Almost £5bn of unpaid debt is left behind by businesses that close down each year – on top of the £11bn debts left by insolvent firms, figures published today reveal.
Firms that opt to close down – rather than being wound up via official insolvency proceedings – owe an average of £4.7bn each year, according to research by the credit reference agency Experian. Its analysis examined millions of supposedly solvent firms that have closed down voluntarily and applied to be struck off the Companies House register since 2000.
Each year around 13 per cent of these firms had debts that exceeded their total assets just before they closed.
Whilst micro firms often wind up for reasons as simple as retirement or the opportunity to work in another company as an employee, so have little impact on other firms and leave behind little or no debt, some of these businesses close down without informing creditors or settling debts.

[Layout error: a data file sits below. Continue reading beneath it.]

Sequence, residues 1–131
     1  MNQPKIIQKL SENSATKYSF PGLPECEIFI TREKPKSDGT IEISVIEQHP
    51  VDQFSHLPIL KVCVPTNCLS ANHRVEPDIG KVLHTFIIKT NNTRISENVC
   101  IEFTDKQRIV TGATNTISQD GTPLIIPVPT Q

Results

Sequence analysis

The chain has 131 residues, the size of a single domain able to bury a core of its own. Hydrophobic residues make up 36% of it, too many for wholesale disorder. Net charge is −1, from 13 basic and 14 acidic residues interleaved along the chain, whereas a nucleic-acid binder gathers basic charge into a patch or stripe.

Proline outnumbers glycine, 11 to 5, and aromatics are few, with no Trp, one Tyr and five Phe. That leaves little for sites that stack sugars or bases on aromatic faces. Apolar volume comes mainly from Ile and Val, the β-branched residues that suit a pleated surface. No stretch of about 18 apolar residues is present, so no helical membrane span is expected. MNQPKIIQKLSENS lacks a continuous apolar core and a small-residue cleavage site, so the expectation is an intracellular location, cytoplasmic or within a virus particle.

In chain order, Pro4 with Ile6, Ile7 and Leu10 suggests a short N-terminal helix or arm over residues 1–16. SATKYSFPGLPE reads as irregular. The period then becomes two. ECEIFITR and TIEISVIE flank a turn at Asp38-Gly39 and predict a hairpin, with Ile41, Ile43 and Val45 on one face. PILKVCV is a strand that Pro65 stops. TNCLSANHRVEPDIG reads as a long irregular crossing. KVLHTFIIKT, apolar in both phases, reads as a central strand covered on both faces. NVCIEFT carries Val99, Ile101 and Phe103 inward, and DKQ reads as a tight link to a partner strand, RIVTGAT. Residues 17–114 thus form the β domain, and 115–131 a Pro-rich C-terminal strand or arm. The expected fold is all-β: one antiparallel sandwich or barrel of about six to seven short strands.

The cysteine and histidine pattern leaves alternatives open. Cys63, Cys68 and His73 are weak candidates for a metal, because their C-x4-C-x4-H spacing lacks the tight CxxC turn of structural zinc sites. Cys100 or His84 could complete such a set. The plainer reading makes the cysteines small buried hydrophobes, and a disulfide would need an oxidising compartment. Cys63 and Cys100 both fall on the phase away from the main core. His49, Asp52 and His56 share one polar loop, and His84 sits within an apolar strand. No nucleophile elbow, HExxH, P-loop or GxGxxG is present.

In 2011, Experian found that of 300,000 firms that had wound up voluntarily, 36,000 had debts amounting to £5.9bn, whilst a further 21,000 firms declared insolvent during the same year dumped debts worth £11bn.
Max Firth, a managing director of Experian, said: "For the first time, we have been able to show that hidden among these seemingly harmless business closures is a level of debt that has previously gone undetected."